THE two big gaps in the Asia-Pacific aviation recovery are China and Japan, Willie Walsh noted, IATA‘s chief executive, in his keynote address at the Changi Aviation Summit this week.
“As long as the Chinese government maintains its zero-Covid approach, it is difficult to see the country’s borders reopening. This will hamper the full recovery of the area.
“Although Japan has taken steps to allow travel, there is no clear plan for Japan to reopen for all incoming visitors or tourists. More needs to be done to further ease travel restrictions, starting by lifting quarantine for all vaccinated travelers and removing both airport testing upon arrival and the daily arrival cap. I urge the Government of Japan to take bolder measures to restoring and opening the country’s borders,” Walsh said.
Japan is taking tentative steps toward reopening. The government has announced it will accept small-scale visits for vaccinated tourists from the United States, Australia, Thailand and Singapore on a trial basis later this month in preparation for the large-scale reception. scale of foreign visitors scheduled for June. During the trial phase, small groups would participate in fixed package tours limited to areas where prefectural governments have agreed to accept them so that their activities can be managed.
Only visitors who have had three Covid-19 vaccines will be able to participate, according to the Ministry of Territory, Infrastructure, Transport and Tourism. The government plans to double the cap on arrivals from abroad to 20,000 people a day in June.
Also this week, Indonesia announced it would scrap all testing for vaccinated travelers from May 18, joining the growing list of test-free destinations in Southeast Asia.
In his speech, Walsh urged Asia-Pacific states to further ease border measures to accelerate the region’s recovery from Covid-19.
“Asia-Pacific is catching up on restarting travel after Covid-19, but there is growing momentum with governments lifting many travel restrictions. The demand for people to travel is clear. As soon as the measures are relaxed, there is an immediate positive reaction from travellers. It is therefore essential that all stakeholders, including governments, are well prepared for the restart. We can’t delay. Jobs are at stake and people want to travel,” Walsh said.
Asia-Pacific international passenger demand for March reached 17% of pre-Covid levels, after hovering below 10% for most of the past two years. “This is well below the global trend where markets have recovered 60% of pre-crisis levels. The lag is due to government restrictions. travel and tourism in the region, and all the economic benefits that will flow from it,” said Walsh.
Walsh urged Asia-Pacific governments to continue to ease measures and normalize air travel by:
- Removal of all restrictions for vaccinated travellers.
- Removal of quarantine and Covid-19 testing for unvaccinated travelers where population immunity levels are high, which is the case in most parts of Asia.
- Lift mask-wearing for air travel when no longer required in other indoor environments and public transport.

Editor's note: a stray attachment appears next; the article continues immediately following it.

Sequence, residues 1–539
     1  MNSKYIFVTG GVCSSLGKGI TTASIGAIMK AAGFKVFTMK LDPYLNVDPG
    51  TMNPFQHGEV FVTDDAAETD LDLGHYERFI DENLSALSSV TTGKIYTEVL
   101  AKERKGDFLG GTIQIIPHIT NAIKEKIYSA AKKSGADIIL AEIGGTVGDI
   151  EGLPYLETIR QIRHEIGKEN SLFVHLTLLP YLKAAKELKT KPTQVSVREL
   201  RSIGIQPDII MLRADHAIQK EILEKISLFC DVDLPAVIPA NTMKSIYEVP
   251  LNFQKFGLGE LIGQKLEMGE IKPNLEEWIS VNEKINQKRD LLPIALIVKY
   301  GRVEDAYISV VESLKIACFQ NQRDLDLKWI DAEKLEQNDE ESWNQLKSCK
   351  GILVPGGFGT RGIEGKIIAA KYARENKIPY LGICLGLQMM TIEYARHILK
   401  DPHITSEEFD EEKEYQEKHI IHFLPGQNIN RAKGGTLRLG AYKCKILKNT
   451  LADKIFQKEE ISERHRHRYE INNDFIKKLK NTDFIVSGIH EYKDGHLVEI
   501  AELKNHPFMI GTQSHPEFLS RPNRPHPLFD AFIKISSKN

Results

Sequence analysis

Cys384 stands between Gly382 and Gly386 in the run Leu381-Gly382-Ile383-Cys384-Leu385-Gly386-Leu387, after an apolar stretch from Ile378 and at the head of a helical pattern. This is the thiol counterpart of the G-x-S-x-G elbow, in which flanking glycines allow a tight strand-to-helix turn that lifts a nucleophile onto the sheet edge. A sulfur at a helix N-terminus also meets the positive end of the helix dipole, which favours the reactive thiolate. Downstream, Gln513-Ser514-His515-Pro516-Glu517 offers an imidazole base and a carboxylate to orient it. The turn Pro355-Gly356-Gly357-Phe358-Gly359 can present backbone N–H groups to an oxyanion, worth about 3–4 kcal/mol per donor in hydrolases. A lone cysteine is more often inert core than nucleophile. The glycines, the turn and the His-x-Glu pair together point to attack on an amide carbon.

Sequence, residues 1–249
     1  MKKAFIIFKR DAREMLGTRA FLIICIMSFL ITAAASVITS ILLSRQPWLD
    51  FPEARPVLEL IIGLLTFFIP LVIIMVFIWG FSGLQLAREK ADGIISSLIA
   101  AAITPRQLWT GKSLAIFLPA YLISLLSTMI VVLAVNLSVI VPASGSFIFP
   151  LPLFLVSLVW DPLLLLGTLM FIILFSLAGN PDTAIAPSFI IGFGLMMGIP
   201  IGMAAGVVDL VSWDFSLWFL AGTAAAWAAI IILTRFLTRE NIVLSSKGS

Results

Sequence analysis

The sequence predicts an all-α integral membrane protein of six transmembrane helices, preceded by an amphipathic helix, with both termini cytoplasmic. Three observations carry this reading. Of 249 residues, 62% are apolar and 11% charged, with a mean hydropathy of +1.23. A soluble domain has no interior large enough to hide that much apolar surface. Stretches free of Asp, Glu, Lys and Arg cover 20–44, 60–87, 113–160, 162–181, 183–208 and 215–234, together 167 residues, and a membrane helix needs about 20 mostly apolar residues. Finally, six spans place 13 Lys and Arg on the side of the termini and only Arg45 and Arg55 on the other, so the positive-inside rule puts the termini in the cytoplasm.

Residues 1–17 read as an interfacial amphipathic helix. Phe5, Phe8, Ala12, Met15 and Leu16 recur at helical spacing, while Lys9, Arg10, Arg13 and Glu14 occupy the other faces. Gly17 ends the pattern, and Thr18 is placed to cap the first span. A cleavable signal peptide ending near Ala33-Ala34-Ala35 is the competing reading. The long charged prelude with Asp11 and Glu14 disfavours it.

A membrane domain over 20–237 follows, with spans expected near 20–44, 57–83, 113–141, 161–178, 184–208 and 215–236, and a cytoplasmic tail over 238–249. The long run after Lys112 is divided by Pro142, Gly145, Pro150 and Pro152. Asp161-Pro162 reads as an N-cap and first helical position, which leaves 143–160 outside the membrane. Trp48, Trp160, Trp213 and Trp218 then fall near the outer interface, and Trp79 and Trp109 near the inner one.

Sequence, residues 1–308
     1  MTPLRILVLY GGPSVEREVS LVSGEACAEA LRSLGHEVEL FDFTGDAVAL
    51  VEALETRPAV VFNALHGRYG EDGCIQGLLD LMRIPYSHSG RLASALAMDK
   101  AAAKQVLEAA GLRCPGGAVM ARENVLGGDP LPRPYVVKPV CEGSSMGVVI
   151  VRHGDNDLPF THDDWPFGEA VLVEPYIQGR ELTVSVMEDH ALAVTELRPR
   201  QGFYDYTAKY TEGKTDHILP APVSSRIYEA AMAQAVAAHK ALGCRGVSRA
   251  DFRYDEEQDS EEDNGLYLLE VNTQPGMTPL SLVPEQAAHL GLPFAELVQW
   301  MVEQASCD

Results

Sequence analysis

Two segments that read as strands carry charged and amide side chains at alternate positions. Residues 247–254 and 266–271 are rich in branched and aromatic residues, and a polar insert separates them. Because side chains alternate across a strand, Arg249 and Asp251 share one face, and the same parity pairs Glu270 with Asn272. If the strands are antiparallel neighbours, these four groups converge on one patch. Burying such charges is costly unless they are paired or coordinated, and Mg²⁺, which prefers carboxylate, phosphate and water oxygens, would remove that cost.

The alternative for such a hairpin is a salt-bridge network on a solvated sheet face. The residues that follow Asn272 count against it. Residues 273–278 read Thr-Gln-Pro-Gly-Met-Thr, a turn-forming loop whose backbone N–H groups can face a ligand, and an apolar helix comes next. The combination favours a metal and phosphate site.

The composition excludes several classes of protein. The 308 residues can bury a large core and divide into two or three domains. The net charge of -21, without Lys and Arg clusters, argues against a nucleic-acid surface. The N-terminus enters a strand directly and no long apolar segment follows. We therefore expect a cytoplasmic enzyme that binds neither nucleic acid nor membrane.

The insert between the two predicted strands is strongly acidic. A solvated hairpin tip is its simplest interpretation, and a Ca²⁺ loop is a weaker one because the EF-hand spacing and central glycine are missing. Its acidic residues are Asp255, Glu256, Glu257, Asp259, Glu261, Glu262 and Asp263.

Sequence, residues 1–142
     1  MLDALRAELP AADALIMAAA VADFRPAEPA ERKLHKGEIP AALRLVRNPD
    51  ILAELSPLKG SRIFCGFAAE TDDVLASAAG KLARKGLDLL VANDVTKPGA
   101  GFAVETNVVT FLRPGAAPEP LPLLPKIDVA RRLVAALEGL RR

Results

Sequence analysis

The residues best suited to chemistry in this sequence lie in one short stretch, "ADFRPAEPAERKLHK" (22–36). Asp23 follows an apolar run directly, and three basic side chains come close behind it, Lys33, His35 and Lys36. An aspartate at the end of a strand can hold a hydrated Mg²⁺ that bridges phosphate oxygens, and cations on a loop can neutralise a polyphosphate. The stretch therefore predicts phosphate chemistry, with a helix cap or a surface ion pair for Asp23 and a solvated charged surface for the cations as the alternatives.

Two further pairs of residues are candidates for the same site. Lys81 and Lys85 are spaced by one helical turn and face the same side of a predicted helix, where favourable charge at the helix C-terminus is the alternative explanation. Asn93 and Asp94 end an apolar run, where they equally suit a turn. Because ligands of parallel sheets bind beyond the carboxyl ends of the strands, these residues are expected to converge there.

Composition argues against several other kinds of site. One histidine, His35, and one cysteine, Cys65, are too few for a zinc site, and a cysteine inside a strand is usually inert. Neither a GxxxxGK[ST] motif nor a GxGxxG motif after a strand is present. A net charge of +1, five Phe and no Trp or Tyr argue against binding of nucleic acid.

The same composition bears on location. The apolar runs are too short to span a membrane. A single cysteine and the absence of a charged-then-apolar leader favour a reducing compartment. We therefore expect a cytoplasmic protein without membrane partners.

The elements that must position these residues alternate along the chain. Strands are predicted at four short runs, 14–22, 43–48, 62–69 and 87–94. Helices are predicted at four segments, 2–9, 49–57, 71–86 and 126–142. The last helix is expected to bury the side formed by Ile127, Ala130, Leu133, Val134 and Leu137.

“Supporting and above all accelerating the recovery will require a comprehensive industry and government approach. Airlines are bringing flights back. Airports must be able to meet demand. And governments must be able to process clearances efficiently. security and other documents for key personnel,” Walsh said.
Walsh also called on Asia-Pacific governments to support industry sustainability efforts.
“Airlines have committed to achieving net zero carbon emissions by 2050. The key to our success will be for governments to share the same vision. Governments are expected to agree on a long-term goal at the ICAO Assembly later this year. Achieving net zero requires everyone to take responsibility. And one of the most important things governments should do is encourage the production of sustainable aviation fuels (SAF). Airlines bought every available drop of SAF. Projects are underway that will see a rapid increase in SAF production over the next few years. We see SAFs contributing 65% of the mitigation needed to reach net zero by 2050. This will require governments to be much more proactive,” Walsh said.
Walsh acknowledged that there have been positive developments in Asia-Pacific. Japan has committed considerable funds to green aviation initiatives. New Zealand and Singapore have agreed to cooperate on green flights. “Singapore’s cross-industry international advisory group on a sustainable air hub for aviation is a positive example for other states to adopt,” Walsh said. He also called on ASEAN and its partners to do more, especially looking for opportunities in the region to expand SAF production.
At the same summit, transport ministers from seven Southeast Asian countries pledged to work closely together to urgently rebuild and restore air transport. In a statement, ministers from Singapore, Malaysia, Indonesia, Thailand, the Philippines, Cambodia and Brunei said they would facilitate mutual recognition of Covid-19 health certificates and the development of a single market. of ASEAN Aviation.
The measures cited also include the harmonization of public health and safety measures related to aviation, as well as greater cooperation on sustainable practices such as new environmentally friendly technologies.
• Featured image credit (The Bund in Shanghai): huad262/Getty Images